As many as 5% of male and 20% of female basic trainees develop a stress fracture during military training. Many factors contribute to these numbers, including poor physical condition upon entering the military, being underweight or overweight, and consuming a nutrient-poor diet. Not only do these injuries threaten a trainee’s ability to serve, but they also impact overall military readiness.
Enter the Performance Readiness Bar. Developed to help decrease the risk of stress fractures, Performance Readiness Bars are fortified with calcium and Vitamin D and have been available to trainees since 2018. Ideally, nutrients are obtained from food, and in the case of vitamin D, sunshine, but since many trainees arrive with already insufficient levels of these nutrients, PRBs may help to bring those levels up more quickly and in turn, prevent stress fractures.
Calcium, a mineral that is essential for building and maintaining strong bones, is present in various foods, including dairy products, leafy greens, and almonds. Vitamin D helps the body to effectively absorb calcium.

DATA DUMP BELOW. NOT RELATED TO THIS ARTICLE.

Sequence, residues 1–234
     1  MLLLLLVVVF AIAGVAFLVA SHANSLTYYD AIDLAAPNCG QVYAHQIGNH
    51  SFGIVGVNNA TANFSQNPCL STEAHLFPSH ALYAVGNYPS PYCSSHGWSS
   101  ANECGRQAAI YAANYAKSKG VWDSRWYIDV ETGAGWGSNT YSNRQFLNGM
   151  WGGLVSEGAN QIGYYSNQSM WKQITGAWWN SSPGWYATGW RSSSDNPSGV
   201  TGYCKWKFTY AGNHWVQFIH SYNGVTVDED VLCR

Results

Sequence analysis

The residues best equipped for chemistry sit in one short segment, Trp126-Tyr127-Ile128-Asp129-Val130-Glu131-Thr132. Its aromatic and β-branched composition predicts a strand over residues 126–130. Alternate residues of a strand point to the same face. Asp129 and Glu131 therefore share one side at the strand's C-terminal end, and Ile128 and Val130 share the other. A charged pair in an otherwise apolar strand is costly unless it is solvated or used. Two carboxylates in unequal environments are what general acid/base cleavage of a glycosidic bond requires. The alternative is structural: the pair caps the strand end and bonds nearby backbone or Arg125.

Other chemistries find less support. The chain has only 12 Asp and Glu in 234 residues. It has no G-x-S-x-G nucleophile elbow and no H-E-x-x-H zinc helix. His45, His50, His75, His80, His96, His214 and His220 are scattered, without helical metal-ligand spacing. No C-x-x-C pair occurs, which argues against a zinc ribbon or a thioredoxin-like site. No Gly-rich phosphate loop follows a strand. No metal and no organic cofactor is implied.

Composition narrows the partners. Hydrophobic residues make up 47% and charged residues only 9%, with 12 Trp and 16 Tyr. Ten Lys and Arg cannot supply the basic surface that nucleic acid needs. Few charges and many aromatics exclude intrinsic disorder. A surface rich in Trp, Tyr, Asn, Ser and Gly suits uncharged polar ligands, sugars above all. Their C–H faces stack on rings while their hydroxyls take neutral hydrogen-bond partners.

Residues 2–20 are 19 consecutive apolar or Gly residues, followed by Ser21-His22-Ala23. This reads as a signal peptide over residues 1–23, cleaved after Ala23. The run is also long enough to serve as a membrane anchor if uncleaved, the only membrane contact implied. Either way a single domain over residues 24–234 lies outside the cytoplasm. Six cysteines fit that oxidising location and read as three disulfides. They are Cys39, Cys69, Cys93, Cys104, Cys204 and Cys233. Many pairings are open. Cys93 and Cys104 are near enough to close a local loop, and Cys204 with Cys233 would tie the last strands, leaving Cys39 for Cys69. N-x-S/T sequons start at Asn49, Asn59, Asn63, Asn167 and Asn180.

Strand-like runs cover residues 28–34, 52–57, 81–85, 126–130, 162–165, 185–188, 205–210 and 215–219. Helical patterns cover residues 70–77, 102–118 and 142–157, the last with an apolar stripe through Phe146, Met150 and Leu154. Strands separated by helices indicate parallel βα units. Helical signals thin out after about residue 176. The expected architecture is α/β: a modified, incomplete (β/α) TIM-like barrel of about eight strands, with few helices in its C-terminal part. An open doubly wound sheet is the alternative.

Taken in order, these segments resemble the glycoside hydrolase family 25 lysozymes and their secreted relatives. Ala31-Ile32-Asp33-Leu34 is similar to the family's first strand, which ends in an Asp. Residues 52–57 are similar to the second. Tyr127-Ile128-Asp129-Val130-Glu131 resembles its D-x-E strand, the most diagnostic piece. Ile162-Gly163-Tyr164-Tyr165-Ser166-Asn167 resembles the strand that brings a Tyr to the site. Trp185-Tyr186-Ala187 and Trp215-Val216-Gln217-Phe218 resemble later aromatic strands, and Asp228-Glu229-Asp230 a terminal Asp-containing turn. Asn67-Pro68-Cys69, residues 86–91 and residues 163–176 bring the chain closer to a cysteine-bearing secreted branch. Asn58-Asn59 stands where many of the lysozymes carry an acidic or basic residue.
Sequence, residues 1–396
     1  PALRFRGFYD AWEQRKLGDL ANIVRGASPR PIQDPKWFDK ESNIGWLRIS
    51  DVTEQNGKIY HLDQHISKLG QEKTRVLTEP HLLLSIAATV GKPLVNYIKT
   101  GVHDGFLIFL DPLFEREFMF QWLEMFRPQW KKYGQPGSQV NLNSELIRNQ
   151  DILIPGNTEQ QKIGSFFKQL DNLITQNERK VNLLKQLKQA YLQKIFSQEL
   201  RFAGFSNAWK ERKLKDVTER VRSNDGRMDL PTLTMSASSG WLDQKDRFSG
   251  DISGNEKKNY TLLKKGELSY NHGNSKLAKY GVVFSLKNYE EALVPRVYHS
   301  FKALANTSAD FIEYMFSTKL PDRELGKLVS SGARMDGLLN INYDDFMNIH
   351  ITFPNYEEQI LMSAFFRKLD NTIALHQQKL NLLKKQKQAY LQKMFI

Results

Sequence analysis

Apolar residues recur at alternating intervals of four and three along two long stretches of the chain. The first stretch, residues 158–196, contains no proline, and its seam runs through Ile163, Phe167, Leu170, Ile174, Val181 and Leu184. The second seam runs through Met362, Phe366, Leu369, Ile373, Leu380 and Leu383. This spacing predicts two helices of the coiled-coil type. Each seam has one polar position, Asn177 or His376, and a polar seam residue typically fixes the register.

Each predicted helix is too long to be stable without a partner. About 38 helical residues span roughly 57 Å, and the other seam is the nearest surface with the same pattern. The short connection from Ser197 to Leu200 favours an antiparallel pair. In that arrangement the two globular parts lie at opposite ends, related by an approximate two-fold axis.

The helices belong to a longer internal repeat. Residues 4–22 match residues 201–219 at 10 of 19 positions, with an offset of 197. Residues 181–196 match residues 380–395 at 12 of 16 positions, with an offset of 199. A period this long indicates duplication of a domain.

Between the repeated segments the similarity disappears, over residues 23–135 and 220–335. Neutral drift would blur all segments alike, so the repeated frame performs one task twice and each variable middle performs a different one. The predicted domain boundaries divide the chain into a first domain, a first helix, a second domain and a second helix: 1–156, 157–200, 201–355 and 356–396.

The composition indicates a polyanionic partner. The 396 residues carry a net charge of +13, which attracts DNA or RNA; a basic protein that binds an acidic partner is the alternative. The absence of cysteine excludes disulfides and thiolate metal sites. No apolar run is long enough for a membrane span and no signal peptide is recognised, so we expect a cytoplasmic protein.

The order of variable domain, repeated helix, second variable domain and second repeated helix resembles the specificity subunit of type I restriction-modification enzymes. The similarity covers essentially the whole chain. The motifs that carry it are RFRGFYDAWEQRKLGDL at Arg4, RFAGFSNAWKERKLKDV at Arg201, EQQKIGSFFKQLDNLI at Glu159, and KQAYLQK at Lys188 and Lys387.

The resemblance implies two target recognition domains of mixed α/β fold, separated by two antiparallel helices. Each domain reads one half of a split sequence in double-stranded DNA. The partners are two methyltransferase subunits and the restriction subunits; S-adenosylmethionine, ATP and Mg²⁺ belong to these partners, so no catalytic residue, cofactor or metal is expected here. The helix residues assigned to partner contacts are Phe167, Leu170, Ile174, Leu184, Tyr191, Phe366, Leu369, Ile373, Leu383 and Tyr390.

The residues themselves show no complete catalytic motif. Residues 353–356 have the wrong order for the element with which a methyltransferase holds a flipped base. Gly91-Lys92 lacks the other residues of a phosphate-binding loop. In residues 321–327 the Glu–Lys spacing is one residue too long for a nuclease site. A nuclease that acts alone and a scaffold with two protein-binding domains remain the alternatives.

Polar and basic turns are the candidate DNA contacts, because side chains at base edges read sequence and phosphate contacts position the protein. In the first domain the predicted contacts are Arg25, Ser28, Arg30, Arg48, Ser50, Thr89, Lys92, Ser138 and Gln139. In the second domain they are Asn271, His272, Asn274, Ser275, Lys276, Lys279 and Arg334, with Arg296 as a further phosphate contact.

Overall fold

Therefore, consuming the two nutrients together produces optimal results. In a previous study, recruits who were given calcium and vitamin D supplements had a 20% lower incidence of stress fractures compared to the control group.
Since inception, the bars have only been available in one flavor – chocolate. But two new flavors, Salted Caramel and Tart Cherry Berry, have recently been developed and are now available to trainees. The new flavors will have wider appeal and may lead to higher consumption rates.
Each trainee is required to receive one bar per day. Although the bars do provide other nutrients and additional calories (200-250 per bar), their primary purpose is to provide calcium and Vitamin D to increase bone strength. They are not candy bars.
“PRBs shouldn’t be viewed as a reward or ‘treat,’” said Capt. Wesley Mayeux, H2F Dietitian for the 165th Brigade. “These bars are daily supplements that provide necessary nutrients that can help prevent injuries.”
While stress fractures and other injuries will continue to be a reality for some trainees, we can work to prevent as many of these situations as possible by issuing and encouraging the consumption of PRBs, as well as by promoting healthy, well-balanced eating plans.